Nancy C Horton
The Horton lab uses biophysical, biochemical, and molecular biology to study protein-DNA interactions and filament formation by enzymes. Current projects include the investigation of mechanisms of disease caused by the Human Parvovirus B19, and advantages of filament formation by enzymes such as the sequence specific DNA endonuclease SgrAI, and the important metabolic enzyme PFK.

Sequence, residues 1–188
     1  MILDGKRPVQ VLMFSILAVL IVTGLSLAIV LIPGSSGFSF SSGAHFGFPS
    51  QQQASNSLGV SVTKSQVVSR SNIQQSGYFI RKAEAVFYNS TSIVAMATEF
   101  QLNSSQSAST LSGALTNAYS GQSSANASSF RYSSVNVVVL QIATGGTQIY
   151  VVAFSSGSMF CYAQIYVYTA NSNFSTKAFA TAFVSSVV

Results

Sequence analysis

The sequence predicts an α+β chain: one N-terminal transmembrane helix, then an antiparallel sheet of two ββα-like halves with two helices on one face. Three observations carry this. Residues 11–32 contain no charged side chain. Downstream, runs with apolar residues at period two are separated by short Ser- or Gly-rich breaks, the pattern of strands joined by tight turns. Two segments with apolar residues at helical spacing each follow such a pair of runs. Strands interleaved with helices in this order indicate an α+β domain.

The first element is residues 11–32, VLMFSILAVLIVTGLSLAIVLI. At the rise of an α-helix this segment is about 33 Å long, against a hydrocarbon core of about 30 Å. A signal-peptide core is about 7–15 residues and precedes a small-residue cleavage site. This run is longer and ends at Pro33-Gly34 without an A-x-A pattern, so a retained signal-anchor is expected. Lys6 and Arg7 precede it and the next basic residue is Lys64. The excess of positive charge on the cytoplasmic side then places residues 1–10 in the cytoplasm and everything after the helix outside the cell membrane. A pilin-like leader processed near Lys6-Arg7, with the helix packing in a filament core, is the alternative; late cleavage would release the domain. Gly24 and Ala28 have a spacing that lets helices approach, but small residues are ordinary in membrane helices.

The Horton lab uses a variety of biochemical and biophysical methods to investigate DNA binding proteins. Recent projects include the discovery of a novel mechanism of regulation of enzyme activity using filamentation. Filamentation, or self-association into polymers of varied lengths, by enzymes has only recently been appreciated as a widespread phenomenon, although the purpose of filamentation is not known in most cases. We discovered this phenomenon in 2010 in a sequence specific endonuclease, SgrAI, and have now determined its high resolution structure via cryo-electron microscopy. We have also performed a full kinetic analysis showing that filamentation greatly expedites the activation of the enzyme, and also allows for the sequestration of enzyme activity onto only a subset of available substrates. The other major project in the lab concerns the triggering of autoimmune diseases in genetically susceptible individuals. We study proteins from the human parvovirus B19, a virus which often precedes the development of autoimmune diseases like rheumatoid arthritis, autoimmune hepatitis, and lupus. We study how these proteins interact with cellular components to modulate the immune system into loss of self-tolerance.